Filing 105

OPINION. Signed by Judge Joseph H. Rodriguez on 9/8/21. (dd, )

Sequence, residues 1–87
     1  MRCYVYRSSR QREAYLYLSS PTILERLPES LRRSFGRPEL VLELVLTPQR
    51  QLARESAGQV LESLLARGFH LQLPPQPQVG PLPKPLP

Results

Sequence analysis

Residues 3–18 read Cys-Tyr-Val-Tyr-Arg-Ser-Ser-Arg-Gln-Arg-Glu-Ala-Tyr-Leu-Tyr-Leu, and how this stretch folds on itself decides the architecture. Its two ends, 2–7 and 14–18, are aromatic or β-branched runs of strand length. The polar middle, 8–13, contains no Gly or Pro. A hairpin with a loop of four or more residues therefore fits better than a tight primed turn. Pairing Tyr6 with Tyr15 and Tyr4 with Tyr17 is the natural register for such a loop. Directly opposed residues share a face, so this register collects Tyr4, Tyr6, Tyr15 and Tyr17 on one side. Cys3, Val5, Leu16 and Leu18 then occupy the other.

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Case 1:19-cv-17093-JHR-AMD Document 105 Filed 09/08/21 Page 1 of 14 PageID: 1155 UNITED STATES DISTRICT COURT DISTRICT OF NEW JERSEY 151 FOODS, LLC, : : Plaintiff, : : : v. : : : CUMMINGS ATLANTA LLC (f/k/a TROMP : GROUP USA, LLC dba TROMP GROUP USA : LLC); AUTOMATED BAKING SYSTEMS, : INC. JAMES G. CUMMINGS; TROMP GROUP : AMERICAS, LLC; AMF BAKERY SYSTEMS; : LILLNORD A/S; BITZER US INC.; and : BITZER KÜHLMASCHINENBAU GMBH, : : Defendants. : Civil Action No. 19-cv-17093 Hon. Joseph H. Rodriguez OPINION This matter comes before the Court on Defendant Cummings Atlanta, LLC’s (“Cummings Atlanta”), Automated Baking Systems, Inc.’s (“ABS”), and James G. Cummings’ (“Cummings”) (collectively “Moving Defendants”) motion to transfer venue, compel arbitration, and stay proceedings. As an alternative, Moving Defendants seek to dismiss this suit for lack of personal jurisdiction and failure to state a claim upon which relief can be granted. The Court has considered the written submissions of the parties and concluded, for the reasons set forth below, that Moving Defendants’ motion to transfer venue is GRANTED. I. Background In mid-2014, Plaintiff 151 Foods, LLC (“Plaintiff”), a New Jersey-based commercial bakery, began the process of soliciting bids for the supply of new equipment. Dkt. 39, ¶¶ 1, 22, 27. According to Plaintiff, the proper functioning of this 1 Case 1:19-cv-17093-JHR-AMD Document 105 Filed 09/08/21 Page 2 of 14 PageID: 1156 equipment was critical because its specialized rolls, breads, and bagels are “ruined” if not “retarded for fermentation development at . . . certain temperature[s].” Id. at 24. Plaintiff therefore sent “detailed functional and general specifications” to each potential machinery supplier. Id. at Page 2. After reviewing numerous bids, Plaintiff selected a proposal submitted by Defendant Cummings’ business, Tromp Group USA, LLC (“Tromp Group USA”), a Georgia-based company. 1 Id. at ¶ 2, 35. In December 2014, Plaintiff and Tromp Group USA signed Order Confirmation #2333R2 (“the Contract”), which set forth the essential terms of their agreement, including Tromp Group USA’s obligations with respect to the equipment and Plaintiff’s means of recourse in the event of breach. 2 Id. at ¶ 35, Dkt. 393. Following this, Tromp Group USA proceeded to “design[] the needed systems and source[] equipment from Defendants Lillnord A/S [(“Lillnord”)] and Bitzer Kühlmaschinenbau GmbH [(“Bitzer”)],” two foreign companies. Dkt. 39, Page 2. These companies, along with Bitzer US, Inc. (“Bitzer US”), were also responsible for providing repair services. Id. In July 2015, Tromp Group USA, Lillnord, and Bitzer delivered and installed the equipment; however, shortly after “starting up,” Plaintiff alleges that the equipment experienced “operational issues” which “materially affected” production. Id. at ¶ 44–48. Plaintiff immediately contacted Cummings in regard to the issues, and throughout 2015 and 2016, Cummings communicated extensively with Plaintiff while working to resolve the problems. Id. at ¶ 60–62. Tromp Group USA was a Georgia-based limited liability company, whose sole member was ABS. Id. at ¶ 3. ABS was a Georgia-based corporation, whose sole stockholder was Cummings. Id. at ¶ 3–4. As a result, Cummings controlled Tromp Group USA and ABS. 2 In subsequent briefing, Plaintiff contended that it did not actually sign the Contract, but merely “demonstrate[ed] acceptance” of it. Dkt. 79 at 2. In either case, the Court finds the Contract to be controlling. 1 2 Case 1:19-cv-17093-JHR-AMD Document 105 Filed 09/08/21 Page 3 of 14 PageID: 1157 At the same time, however, Cummings and his businesses entered into several ancillary transactions, the motivations for which are not immediately clear from the record. On September 2, 2015, Cummings changed the name of his company from Tromp Group USA, LLC to Cummings Atlanta, LLC. Id. at ¶ 63. On September 10, 2015, Tromp Group Americas, LLC (“Tromp Group Americas”) purchased the assets of Cummings Atlanta, LLC. Id. at ¶¶ 69, 114. According to the Complaint, Tromp Group Americas “was created shortly before” purchasing Cummings Atlanta and “at times” operated under the previous name of Tromp Group USA. Id. at ¶ 8, 69. Then, in August 2019, Tromp Group Americas merged into Defendant AMF Bakery Systems (“AMF Bakery”). Id. at ¶ 9. Tromp Group USA, Cummings Atlanta, and Tromp Group Americas were all Georgia-based companies, while AMF Bakery is a Virginia-based company. Id. at ¶ 2, 7, 10. Cummings, through the entities of Tromp Group USA, Cummings Atlanta, and Tromp Group Americas, arranged for Lillnord, Bitzer, and Bitzer US to perform repair services. Id. at ¶¶ 17, 76. Despite this, however, Plaintiff alleges that the necessary functionality was never reached in some equipment and only reached after “material [personal] investment” in other equipment. Id. at ¶ 77-78. As a result, Plaintiff brought the instant suit seeking, among other things, “the cost incurred by [it] to attempt to remedy the improper equipment, the cost of replacing the equipment with properly sized equipment that functions as intended, and additionally for loss of production, loss of profits, loss of materials and loss of goodwill associated with the inability to fulfil customers’ orders.” Id. at Pages 15, 17, 19, 21, 24. Pursuant to 28 U.S.C. § 1404(a), Moving Defendants seek to transfer this case to the United States District Court for the Northern District of Georgia, Atlanta Division on 3 Case 1:19-cv-17093-JHR-AMD Document 105 Filed 09/08/21 Page 4 of 14 PageID: 1158 the grounds that “[t]he Contract contains a forum-selection clause requiring disputes to be resolved” in that court. Dkt. 59-1 at 1–2. The provision provides that: [t]his Agreement shall be governed by the laws of the State of Georgia without giving effect to any rules of conflicts of law. Venue of any disputes related to this Agreement shall be in Gwinnett County, Georgia. Dkt. 39-2 at 10. Along with transfer being required under the Contract’s forum selection clause, Moving Defendants also assert that transfer is appropriate under the Contract’s dispute resolution provision, which requires that claims be submitted to arbitration in Georgia. Dkt. 59-1 at 2. In particular, Moving Defendants argue that while “this Court cannot compel arbitration in Atlanta, Georgia . . . it can and should transfer the case to the Northern District of Georgia to enforce the intent of the parties set forth in the Contract.” Id. at 2. Plaintiff responds by arguing that the forum selection clause is not enforceable because it is permissive and unreasonable. Dkt. 79 at 3–4. And even if enforceable, Plaintiff contends that the forum selection clause does not apply to Tromp Group Americas, AMF Bakery, Lillnord, Bitzer, and Bitzer US (collectively, “Non-Signatory Defendants”) because they did not sign the Contract. Id. at 3. In the end, all of these responses fail and therefore the motion to transfer is granted. II. Legal Standard “For the convenience of parties and witnesses, in the interest of justice, a district court may transfer any civil action to any other district or division where it might have been brought.” 28 U.S.C. § 1404(a). “It is well settled that a motion to transfer under 28 U.S.C. § 1404(a) constitutes the appropriate procedural mechanism to enforce a forum selection clause.” Asphalt Paving Systems, Inc. v. General Combustion Corp., No. 13– 4 Case 1:19-cv-17093-JHR-AMD Document 105 Filed 09/08/21 Page 5 of 14 PageID: 1159 7318, 2015 WL 167378, at *3 (D.N.J. Jan. 13, 2015) (citing Atl. Marine Const. Co., Inc. v. U.S. Dist. Court for W. Dist. of Tx., 571 U.S. 49, 62 (2013)). In analyzing § 1404(a) motions, courts must “consider the three [factors] enumerated under the statute—convenience of the parties, convenience of the witnesses, and the interests of justice—along with all other relevant private and public factors, including the plaintiff’s choice of forum.” In re McGraw-Hill Global Education Holdings LLC, 909 F.3d 48, 57 (3d Cir. 2018). Ordinarily, district courts “weigh [these] factors and decide whether, on balance, a transfer [is warranted],’” Atlantic Marine, 571 U.S. at 62–63 (citing § 1404(a)), however, the presence of a valid forum-selection clause “alters [the] analysis in several ways.” Collins On behalf of herself v. Mary Kay, Inc., 874 F.3d 176, 186 (3d Cir. 2017). “[P]laintiff's choice of forum in filing his or her lawsuit ‘merits no weight,’ and [courts] are not to consider any arguments about the parties’ private interests—those ‘weigh entirely in favor of the preselected . . . forum.’” 3 Id. (quoting Atlantic Marine, 134 U.S. at 63–64). “As a consequence, a district court may consider arguments about [the] public-interest factors only,” which include “the administrative difficulties flowing from court congestion; the local interest in having localized controversies decided at home; [and] the interest in having the trial of a diversity case in a forum that is at home with the law.” Atlantic Marine, 134 U.S. at 62 n.6, 64 (quoting Piper Aircraft Co. v. Reyno, 454 U.S. 235, 241 n.6 (1981)). Because these factors “will rarely defeat a transfer motion, the practical result is that forum-selection clauses “Factors relating to the parties’ private interests include ‘relative ease of access to sources of proof; availability of compulsory process for attendance of unwilling, and the cost of obtaining attendance of willing, witnesses; possibility of view of premises, if view would be appropriate to the action; and all other practical problems that make trial of a case easy, expeditious and inexpensive.’” Atlantic Marine, 134 U.S. at 62 n.6, 64 (quoting Piper Aircraft Co. v. Reyno, 454 U.S. 235, 241, n.6 (1981) (internal quotation marks omitted)). 3 5 Case 1:19-cv-17093-JHR-AMD Document 105 Filed 09/08/21 Page 6 of 14 PageID: 1160 should control except in unusual cases.” Id. at 64. Deciding otherwise requires “extraordinary circumstances.” Id. Outside of the § 1404(a) factors, a party may also oppose a forum selection clause by contesting its enforceability or scope. Collins, 874 F.3d at 180–181. A court examining enforceability considers “whether compelling compliance with the clause is unreasonable under the circumstances,” Collins, 874 F.3d at 181 (internal quotations omitted) (citing Foster v. Chesapeake Ins. Co., 933 F.2d 1207, 1219 (3d Cir. 1991)), while a court examining scope considers “whether the claims and parties involved in the suit are subject to the clause.” In re McGraw-Hill, 909 F.3d at 58 (quoting Collins, 874 F.3d at 180) (internal quotations omitted)). Under the Erie doctrine, “federal courts sitting in diversity jurisdiction apply state law to substantive issues and federal law to procedural issues.” Collins, 874 F.3d at 181. Enforcement of forum selection clauses is a procedural issue reviewed under federal law. In re McGraw-Hill, 909 F.3d at 58 (citing In re: Howmedica Osteonics Corp., 867 F.3d 390, 407 n.11 (3d Cir. 2017)). However, “[t]he question of the scope of a forum selection clause is one of contract interpretation,” Id. (quoting John Wyeth & Brother Ltd. v. CIGNA Int'l Corp., 119 F.3d 1070, 1073 (3d Cir. 1997)), and “[i]ssues of contract interpretation are considered ‘quintessentially substantive,’ rather than procedural.” Collins, 874 F.3d at 182 (quoting Martinez v. Bloomberg LP, 740 F.3d 211, 220 (2d Cir. 2014)). Thus, “[s]tate law . . . typically governs whether [a] clause . . . applies to a non-signatory.” In re Mcgraw-Hill, 909 F.3d at 58 (citing Collins, 874 F.3d at 183–85)). 6 Case 1:19-cv-17093-JHR-AMD Document 105 Filed 09/08/21 Page 7 of 14 PageID: 1161 III. Discussion A. The § 1404(a) Factors Here, none of the § 1404(a) factors counsel retention. “[A]lthough a consideration in a Section 1404(a) motion . . . the relative congestion of the respective courts’ dockets [is] of minimal importance in the overall transfer inquiry.” Asphalt Paving Systems, 2015 WL 167378, at *7. And given the Contract’s Georgia choice of law provision, see infra-Part IV.C, New Jersey is not a forum that is “at home” with the law. Indeed, satisfying this factor actually requires transfer to Georgia. Finally, to the extent that New Jersey has a legitimate interest 4 in deciding this dispute because “all materials were furnished, delivered, installed, and malfunctioned in Plaintiff’s New Jersey location,” Dkt. 79 at 10, New Jersey’s interest is offset by Georgia’s countervailing interest in having its citizens’ rights vindicated. 5 See, e.g., In re: Howmedica, 867 F.3d at 410 (recognizing that states have an interest in hearing cases that involve their citizens); Bogollagama v. Equifax Information Services, LLC, No. 09-1201, 2009 WL 4257910, at *5 (noting that in-state corporations can help establish a localized controversy). B. Enforceability Plaintiff asserts that the forum selection clause, due to its lack of exclusive language, only constitutes a permissive consent to Georgia jurisdiction, rather than a mandatory filing requirement. Dkt. 79 at 4, 7. Being procedural, the Court will analyze this argument under federal law. Collins, 874 F.3d at 181. The Court recognizes New Jersey’s interest in deciding this dispute; however, such recognition does not diminish Georgia’s independent and competing interest in the same. 5 Cummings is a Georgia citizen, while Cummings Atlanta, ABS, Tromp Group USA, Tromp Group Americas, and Bitzer US are/were Georgia-based businesses. 4 7 Case 1:19-cv-17093-JHR-AMD Document 105 Filed 09/08/21 Page 8 of 14 PageID: 1162 “A mandatory forum selection identifies a particular state or court as having exclusive jurisdiction over disputes arising out of parties’ contract,” while “[a] permissive forum selection clause . . . merely specifies the court empowered to hear litigation and, in effect, allows parties to air any dispute in that court without requiring them to do so.” Asphalt Paving Systems, 2015 WL 167378, at *5. According to Plaintiff, the word “shall,” which is contained in the forum selection clause at issue, “does not disavow or exclude other jurisdictions,” making suit proper in New Jersey. Dkt. 79 at 7– 8. The Court disagrees. See, e.g., Asphalt Paving Systems, 2015 WL 167378, at *5 (finding that “inclusion of the word ‘shall’ sufficiently evinces a forum selection clause’s mandatory nature”); Samuels v. Medytox Solutions, Inc., No. 13–7212, 2014 WL 4441943, at *7 (D.N.J. Sept. 8, 2014) (noting that “use of the word ‘shall’ renders [a] forum selection clause mandatory and not permissive”); Frazetta v. Underwood Books, No. 08–0516, 2009 WL 959485, at *4 (M.D. Pa. Apr. 6, 2009) (stating that “use of the word ‘shall’ generally indicates a mandatory intent unless a convincing argument to the contrary is made”). The disputed forum selection clause in this case provides that “[v]enue of any disputes related to this Agreement shall be in Gwinnett County, Georgia.” Dkt. 39-2 at 10. “The Court finds that such language admits of no other result than that the courts of [Gwinnett County, Georgia] constitute the exclusive forum for any litigation arising out of the parties’ contractual relationship.” Asphalt Paving Systems, 2015 WL 167378, at *5. The forum selection clause is thus mandatory. Plaintiffs, however, also contest the forum selection clause on reasonability grounds. Dkt. 79 at 4, 8. To succeed on this argument, resisting parties must establish: “(1) that [the clause] is the result of fraud or overreaching, (2) that enforcement would 8 Case 1:19-cv-17093-JHR-AMD Document 105 Filed 09/08/21 Page 9 of 14 PageID: 1163 violate strong public policy of the forum, or (3) that enforcement would in the particular circumstances of the case result in a jurisdiction so seriously inconvenient as to be unreasonable.” Asphalt Paving Systems, 2015 WL 167378, at *4. Here, Plaintiff does not allege that the forum selection clause was the result of fraud or overreaching, instead basing its arguments on the second and third prongs. It argues that the Court “should not transfer this action . . . because to do so would contravene established public policy in favor of judicial economy and efficiency and unreasonable inconvenience where the majority of the defendants are not signatories to the [Contract] and may not be subject to personal jurisdiction in Georgia.” Dkt. 79 at 8. Although based on the reasonability factors, this argument centers on whether the “parties involved in the suit are subject to the clause” and therefore is a question of scope. In re McGraw-Hill, 909 F.3d at 58 (quoting Collins, 874 F.3d at 180) (internal quotations omitted)). The Court will thus analyze this argument as one of contract interpretation and apply state law. C. Interpretation “Having established that state contract law, rather than federal common law, governs the interpretation of the forum selection clause[] . . . we must now determine which state’s contract law applies.” Collins, 874 F.3d at 183. Here, the Contract contains a choice of law provision, requiring disputes to be “governed by the laws of the State of Georgia.” Dkt. 39-2 at 10. However, “[i]n diversity cases such as this one, [courts] look to the choice-of-law rules of the forum state—the state in which the District Court sits— in order to decide which body of substantive law to apply to a contract provision, even where the contract contains a choice-of-law clause.” Collins, 874 F.3d at 183 (emphasis added) (citing Klaxon Co. v. Stentor Elec. Mfg. Co., 313 U.S. 487, 496 (1941)). “New 9 Case 1:19-cv-17093-JHR-AMD Document 105 Filed 09/08/21 Page 10 of 14 PageID: 1164 Jersey choice-of-law rules provide that . . . when parties to a contract have agreed to be governed by the laws of a particular state, New Jersey courts will uphold the contractual choice.’” 6 Id. at 183–84. (quoting Instructional Sys., Inc. v. Comput. Curriculum Corp., 614 A.2d 124, 133 (N.J. 1992)). Georgia law thus controls. The Georgia Supreme Court has not addressed the issue presently before the Court: whether, and if so, when a forum selection clause can bind non-signatory defendants. See, e.g., Zydus Worldwide DMCC v. Teva API Inc., 461 F.Supp.3d 119, 135 (D.N.J 2020) (stating that in states other than Alabama, West Virginia, and Wyoming “it appears that the highest courts have not issued any decision[s] on point”). “With respect to an issue of state law in a diversity case, when there is no decision from the state’s highest court directly on point, we are charged with predicting how that court would resolve the question at issue.” Colliers Lanard & Axilbund v. Lloyds of London, 458 F.3d 231, 236 (3d Cir. 2006) (citing Canal Ins. Co. v. Underwriters at Lloyd's London, 435 F.3d 431, 436 (3d Cir.2006)). In making this prediction, the Court must take into consideration: (1) what that court has said in related areas; (2) the decisional law of the state intermediate courts; (3) federal cases interpreting state law; and (4) decisions from other jurisdictions that have discussed the issue. Although lower state court decisions are not controlling on an issue on which the highest court of the state has not spoken, federal courts must attribute significant weight to these decisions in the absence of any indication that the highest state court would rule otherwise. Id. (citations and quotations omitted). There are two exceptions to this rule, providing that a choice-of-law provision will not control if: “(a) the chosen state has no substantial relationship to the parties or the transaction and there is no other reasonable basis for the parties’ choice, or (b) application of the law of the chosen state would be contrary to a fundamental policy of a state which has a materially greater interest than the chosen state in the determination of the particular issue and which . . . would be the state of the applicable law in the absence of an effective choice of law by the parties.” Collins, 874 F.3d at 184 (quoting Instructional Sys., Inc. v. Comput. Curriculum Corp., 614 A.2d 124, 133 (N.J. 1992)). Neither exception applies here, as Georgia has a substantial relationship to the parties and therefore a strong interest in the determination of this issue. See supra, Part IV.A. 6 10 Case 1:19-cv-17093-JHR-AMD Document 105 Filed 09/08/21 Page 11 of 14 PageID: 1165 Here, the Georgia Supreme Court has not considered a case involving both forum selection clauses and non-signatory defendants. Its case law on forum selection clauses in general, and even arbitration clauses, is also limited. It is therefore difficult to gain any insight from what the Georgia Supreme Court “has said in related areas.” Id. The Court will thus turn to Georgia’s intermediate appellate case law. In Brinson v. Martin, 469 S.E.2d 537, 540 (Ga. Ct. App. 1996), the Court of Appeals of Georgia held that four non-signatory defendants were “permitted to rely on [a] forum selection clause” because it was clear that the claims against them “arose either directly or indirectly from [the plaintiff’s] contract with [the signatory defendant].” 7 Similarly, in Autonation Financial Services Corp. v. Arain, 592 S.E.2d 96, 102 (Ga. Ct. App. 2003), the Court of Appeals of Georgia analyzed whether a signatory could be equitably estopped from asserting that a non-signatory was not allowed to enforce an arbitration clause. 8 Relying on Eleventh Circuit precedent, the court noted that “two independent bases exist for the application of [equitable estoppel]: (1) when the claims relate to the contract or (2) when the claims against the signatory and the nonsignatory arise out of interdependent and concerted misconduct by those parties.” Id. at 99. According to the court, the first basis is satisfied when a plaintiff’s claims against the signatory and non-signatory defendants “make[] reference to and presume[] the existence of” the controlling agreement, while the second basis is satisfied when 7 The court also recognized that if the non-signatory defendants were not entitled to rely on the forum selection clause, then “separate actions would likely be brought,” one against the signatory defendant in the pre-selected forum and another against the non-signatory defendants in the plaintiff’s chosen forum. Id. According to the court, such a result would risk “varying decisions, inconsistent with the administration of justice.” Id. 8 Although not identical, interpreting arbitration clauses can provide guidance on the proper way to interpret forum selection clauses. In fact, Autonation, an arbitration case, relies on Brinson, a forum selection case, throughout its analysis. Autonation, 592 S.E.2d at 99, 101; see also Liles v. Ginn-La West End, Ltd., 631 F.3d 1242, 1256 (noting that arbitration clauses and forum selection clauses are “similar”). 11 Case 1:19-cv-17093-JHR-AMD Document 105 Filed 09/08/21 Page 12 of 14 PageID: 1166 those same claims “are based on the same facts and . . . inherently inseparable.” 9 Id. at 100, 102. Here, Georgia’s intermediate appellate case law favors enforcement against the Non-Signatory Defendants. First, Plaintiff’s claims against the Non-Signatory Defendants “arose either directly or indirectly” from the Contract. Brinson, 469 S.E.2d at 540. The “Breach of Express Warranty” claim against Lillnord is based entirely on “affirmations” and “guarantees” that were made in the Contract. Dkt. 39 ¶ 93–95, 97; Dkt. 39–3 at 2, 4–5. Similarly, the “Breach of Warranty of Fitness for a Particular Purpose” claim against Lillnord, Bitzer, and Bitzer US is dependent on “specifications” contained in the Contract. Id. at ¶ 106. And finally, the “Successor Liability” claim against AMF Bakery is based on “Tromp Group Americas [taking] over service and support of [Tromp Group USA’s] contract with Plaintiff.” Id. at ¶ 119. For these same reasons, equitable estoppel also supports enforcement of the forum selection clause against the Non-Signatory Defendants, as Plaintiff’s claims all “make[] reference to and presume[] the existence of” the controlling agreement. Autonation, 592 S.E.2d at 100, 102. The Court finds that the best and most authoritative indicator of Georgia law is contained in the intermediate appellate case law. Federal case law interpreting this issue is concededly thin and to the extent that it is available, it largely mirrors the state cases already discussed. See, e.g., Lawson v. Life of the South Ins. Co., 648 F.3d 1166, 1172 (11th Cir. 2011) (stating that “Georgia law . . . recognizes [that] equitable estoppel allows a nonsignatory to an arbitration agreement to compel or to be compelled by a signatory Despite being analyzed by Georgia courts in the context of arbitration clauses, equitable estoppel can readily apply to forum selection clauses as well. See, e.g., Bailey v. ERG Enterprises, LP, 705 F.3d 1311, 1322 (11th Cir. 2013) (stating that courts can “appl[y] equitable estoppel to allow . . . nonsignatories to invoke . . . forum-selection clauses”). 9 12 Case 1:19-cv-17093-JHR-AMD Document 105 Filed 09/08/21 Page 13 of 14 PageID: 1167 to arbitrate under certain circumstances in which fairness requires doing so”). The Court, in this case, will also not analyze decisions from other jurisdictions, as in most states, “it appears that the highest courts have not issued any decision[s] on point,” and the limited holdings that are available “point both ways.” Zydus Worldwide DMCC v. Teva API Inc., 461 F.Supp.3d 119, 135 (D.N.J 2020). Georgia’s intermediate appellate case law will therefore guide the Court, which holds that forum selection clauses can cover non-signatories in certain circumstances— circumstances that have been met here. As a result, Plaintiff’s reasonability arguments fail. Transfer will not upset “judicial economy and efficiency” because all claims will be decided in Georgia. Dkt. 79 at 8. It will also not result in “unreasonable inconvenience” due to “the majority of the defendants . . . not be[ing] subject to personal jurisdiction in Georgia,” as forum selection clauses “generate[] the necessary [jurisdictional] connection between the forum State and the parties to the contract.” Randstad General Partner (US), LLC v. Beacon Hill Staffing Group LLC, No. 1:19-CV-1655-ODE, 2020 WL 10460623, at *8 (N.D. Ga. June, 19 2020). This rule applies to non-signatories bound by forum selection clauses as well. Id. at *8–10; see also Synthes, Inc. v. Emerge Medical, Inc., 887 F.Supp.2d 598, 616 (E.D. Pa. 2012) (“[T]he Court deems the forum selection clauses applicable to [the non-signatory defendant], making him subject to this Court’s personal jurisdiction.”). IV. Conclusion For the reasons set forth above, the motion to transfer is GRANTED. This matter is therefore TRANSFERRED to the United States District Court for the Northern District of Georgia, Atlanta Vicinage. 13 Case 1:19-cv-17093-JHR-AMD Document 105 Filed 09/08/21 Page 14 of 14 PageID: 1168 The Court will not address the Motion to Dismiss. An appropriate Order shall issue. Dated: September 8, 2021 /s/ Joseph H. Rodriguez Hon. Joseph H. Rodriguez, UNITED STATES DISTRICT JUDGE 14